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Tesla Virtual Power Plant To Compensate Powerwall Users Who Help Avoid Blackouts

Tesla has teamed up with the electric company PG&E in California to release a new version of the Powerwall virtual power plant. The highlight is that in the event of a power emergency, users who contribute their backup energy will receive 2 dollars for each kWh contributed.


Tesla's virtual power plant uses Powerwall energy storage systems that are voluntarily donated by their owners. They decide how much energy they want to transfer to the network and from that point Tesla handles what to do with this stored energy.

A good definition of a virtual power plant, as per electrek: "… a virtual power plant (VPP) consists of distributed energy storage systems, like Tesla Powerwalls, used in concert to provide grid services and avoid the use of polluting and expensive peaker power plants. Last year, Tesla launched a test VPP in California, where Powerwall owners would join in voluntarily without compensation to let the VPP pull power from their battery packs when the grid needed it".

In the event that a power (blackout, brownout) emergency occurs, and it is necessary to supply energy to the network in order to avoid more problems, the Powerwall will supply electricity respecting the limit set by its owner, beforehand. This is intended not only to avoid blackouts, but also to avoid resorting to thermal power plants, that are way less efficient and more polluting. But then, how much will Powerwall owners be compensated?

Powerwall, Courtesy of Tesla Inc.

The great new feature of this system is that it benefits from the Emergency Load Reduction Program (ELRP), created by the California Public Utilities Commission (CPUC), that basically compensates customers who reduce or support demand of electricity during a grid emergency.

These emergency events came into operation last year and will last up until 2025. They are available between May and October from 4:00 p.m. to 9:00 p.m.; and the amount paid to the owner is $2 per kWh. Depending on the events and number of Powerwalls, between 10 and 60 dollars could be won for each event. This is a significant amount that gives an idea of how important virtual battery support is to the network when it needs more capacity. Tesla says it has around 50,000 Powerwalls in the region that could join the virtual power plant, adding up to 500 MWh of power.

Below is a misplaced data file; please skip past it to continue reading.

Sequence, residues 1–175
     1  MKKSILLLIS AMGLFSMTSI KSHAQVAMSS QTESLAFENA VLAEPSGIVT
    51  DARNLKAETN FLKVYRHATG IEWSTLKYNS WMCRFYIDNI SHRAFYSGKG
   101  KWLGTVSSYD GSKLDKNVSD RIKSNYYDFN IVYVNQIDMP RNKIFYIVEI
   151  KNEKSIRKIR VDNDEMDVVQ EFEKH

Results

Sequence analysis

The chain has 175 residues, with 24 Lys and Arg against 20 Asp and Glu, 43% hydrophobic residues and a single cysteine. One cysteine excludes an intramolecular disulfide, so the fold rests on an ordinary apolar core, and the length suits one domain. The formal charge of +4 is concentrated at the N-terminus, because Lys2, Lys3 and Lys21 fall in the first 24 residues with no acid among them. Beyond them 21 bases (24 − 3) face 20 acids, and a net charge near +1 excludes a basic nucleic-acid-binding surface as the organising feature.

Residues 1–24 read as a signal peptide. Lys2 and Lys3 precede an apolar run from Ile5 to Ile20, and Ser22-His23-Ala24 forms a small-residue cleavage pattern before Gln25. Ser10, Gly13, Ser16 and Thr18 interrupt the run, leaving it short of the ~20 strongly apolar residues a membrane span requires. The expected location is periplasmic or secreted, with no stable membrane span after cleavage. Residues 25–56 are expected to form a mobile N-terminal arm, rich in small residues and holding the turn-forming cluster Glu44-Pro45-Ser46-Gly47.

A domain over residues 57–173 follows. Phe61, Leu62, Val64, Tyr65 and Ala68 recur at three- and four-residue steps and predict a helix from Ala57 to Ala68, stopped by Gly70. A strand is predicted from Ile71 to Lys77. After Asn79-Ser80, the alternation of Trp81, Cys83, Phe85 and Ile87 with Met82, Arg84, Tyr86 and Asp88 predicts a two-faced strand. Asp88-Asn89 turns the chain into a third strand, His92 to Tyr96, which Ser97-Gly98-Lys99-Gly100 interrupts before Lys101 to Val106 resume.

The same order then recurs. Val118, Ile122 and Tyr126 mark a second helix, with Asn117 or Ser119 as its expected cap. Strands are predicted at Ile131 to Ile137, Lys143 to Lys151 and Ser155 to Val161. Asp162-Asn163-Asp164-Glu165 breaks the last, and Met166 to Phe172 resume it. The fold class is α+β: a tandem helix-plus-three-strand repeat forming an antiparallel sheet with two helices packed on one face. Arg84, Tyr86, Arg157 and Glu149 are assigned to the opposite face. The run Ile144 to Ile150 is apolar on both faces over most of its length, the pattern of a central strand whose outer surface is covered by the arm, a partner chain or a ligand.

As per the official announcement, any interested participant could "… become a part of the largest distributed battery in the world and help keep California’s energy clean and reliable. Opt-in to the Tesla Virtual Power Plant (VPP) with PG&E and your Powerwall will be dispatched when the grid needs emergency support. Through the Emergency Load Reduction Program (ELRP) pilot, you will receive $2 for every additional kWh your Powerwall delivers during an event. Adjust your Backup Reserve to set your contribution, while maintaining backup energy for outages”.

Powerwall, Courtesy of Tesla Inc.

The importance of the use of backup batteries, which has been developing for years, is not minor. It offers a solution to enjoy a decentralized network that helps in an emergency and favors the storage of renewable energies. Along with the possibilities offered by technologies such as V2G ("Vehicle To Grid"), there are many new opportunities for a cleaner, safer and cheaper electric power network.

Source: electrek

All images courtesy of Tesla Inc.

Nico Caballero is the VP of Finance of Cogency Power, specializing in solar energy. He also holds a Diploma in Electric Cars from Delft University of Technology in the Netherlands, and enjoys doing research about Tesla and EV batteries. He can be reached at @NicoTorqueNews on Twitter. Nico covers Tesla and electric vehicle latest happenings at Torque News.